- source: Family History Library Catalog
- the text in this section is copied from an article in Wikipedia
Ovingham is a civil parish and village in the Tyne Valley of south Northumberland, England. It lies on the River Tyne east of Hexham with neighbours Prudhoe, Ovington, Wylam and Stocksfield.
The River Tyne provided an obstacle between Ovingham and Prudhoe until 20 December 1883, when a toll bridge (Ovingham Bridge) was finally opened, taking the place of the ferry. The steel tubes are marked Dorman Long Middlesbrough, the firm which designed and built the Sydney Harbour Bridge and the Tyne Bridge.
Ovingham was an ancient parish in the Tynedale Ward of Northumberland, England which also became a civil parish in the 19th century. From 1894 until 1974 it was part of Hexham Rural District. In 1974 the Hexham Rural District was abolished and replaced by the Castle Morpeth District until 2009 when Northumberland became a unitary authority.
A Vision of Britain through Time provides the following description of Ovingham from John Marius Wilson's Imperial Gazetteer of England and Wales of 1870-72:
- "OVINGHAM, a village and a township in Hexham [registration] district, and a parish partly also in Castle Ward district, Northumberland. The village stands on an eminence, sloping to the N bank of the river Tyne, ¼ of a mile N of Prudhoe [railway] station, 2 S of the Roman wall, and 10 E of Hexham; was anciently called Ofingasham; was once a market-town; is now a small but pretty place, contrasting brightly to collier villages in its vicinity, and commanding a fine near view of the verdant slopes, theruined fortress, and the wooded heights of Prudhoe; and has a post-office under Prudhoe Station, Northumberland, and fairs on 26 April and 26 Oct.
- "The township includes the village, and comprises 523 acres. Population in 1851: 330; in 1861: 277.
- "The parish contains also the townships of Wylam, Horsley, Nafferton, Spittle, Welton, Whittle, Ovington, Eltringham, Mickley, Prudhoe, Prudhoe-Castle, Dukers-Hagg, Hedley, Hedley-Woodside, Harlow-Hill, and Rudchester, the two last in Castle Ward [registration] district, all the others in Hexham [registration] district. Acres: 15,740. Real property: £33,078, of which £3,420 are in mines. Population in 1851: 3,962; in 1861: 5,014. Houses: 940. The increase of population was chiefly in Mickley and Prudhoe Castle townships, and arose there from the extension of collieries. The manor belongs to the Duke of Northumberland. A priory of black canons was founded at Ovingham, by one of the Umfravilles; and was a cell to Hexham abbey. A castle was founded at Nafferton, in the time of King John, by Sir Philip D' Ulecote; was built out of materials from the Roman wall; and consists of a keep, 20 feet square, and two outer baileys. An ancient building stood in Whittle dean; is said to have been theabode of robbers, during the wars of the Roses; and has left some remains among thickets. Prudhoe Castle is a grand feature, but will be noticed in its own alphabetical place. Coal is largely worked; and there are an iron-foundry, dye-works, bleach-grounds, and a brewery. The living is a [perpetual] curacy in the diocese of Durham. Value: £146. Patron: Lieut.-Col. Bigge. The church is cruciform and early English; was restored in 1857; has a fine lofty triplet E window, recently filled with stainedglass, peculiar and striking features in the transepts, and a pre-Norman low W tower, built of large stones; and contains trefoil-headed sedilia, and part of a sepulchral cross. The churchyard contains the grave of the celebrated engraver Bewick. The [perpetual] curacy of Mickley is a separate benefice. There are two Wesleyan chapels, a United Free Methodist chapel, a national school, and charities £15. Mabel Carr, mother of George Stephenson, was a native."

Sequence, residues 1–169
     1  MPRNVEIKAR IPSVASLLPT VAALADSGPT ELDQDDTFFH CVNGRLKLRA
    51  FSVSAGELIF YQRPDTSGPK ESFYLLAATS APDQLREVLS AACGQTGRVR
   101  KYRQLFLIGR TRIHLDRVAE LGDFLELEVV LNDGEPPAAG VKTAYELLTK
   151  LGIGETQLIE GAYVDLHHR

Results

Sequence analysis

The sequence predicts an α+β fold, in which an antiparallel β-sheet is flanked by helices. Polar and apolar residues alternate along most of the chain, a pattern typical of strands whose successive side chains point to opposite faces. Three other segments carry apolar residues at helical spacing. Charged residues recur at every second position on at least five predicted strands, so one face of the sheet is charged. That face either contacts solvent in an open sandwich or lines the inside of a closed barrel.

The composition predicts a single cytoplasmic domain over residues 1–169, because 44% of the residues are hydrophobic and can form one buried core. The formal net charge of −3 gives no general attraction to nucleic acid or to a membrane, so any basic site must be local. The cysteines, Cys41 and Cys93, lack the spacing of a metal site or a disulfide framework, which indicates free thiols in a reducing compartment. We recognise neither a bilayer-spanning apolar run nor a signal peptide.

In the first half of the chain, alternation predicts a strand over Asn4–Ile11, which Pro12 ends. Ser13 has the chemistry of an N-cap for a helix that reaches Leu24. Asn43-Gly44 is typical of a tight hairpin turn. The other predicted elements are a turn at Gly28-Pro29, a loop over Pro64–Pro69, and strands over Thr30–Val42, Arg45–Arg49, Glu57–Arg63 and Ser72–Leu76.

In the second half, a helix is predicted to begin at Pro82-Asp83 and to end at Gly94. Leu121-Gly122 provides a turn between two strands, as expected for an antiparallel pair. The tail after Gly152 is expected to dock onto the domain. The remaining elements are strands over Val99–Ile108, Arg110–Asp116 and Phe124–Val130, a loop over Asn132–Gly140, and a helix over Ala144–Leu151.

Townships in Parish
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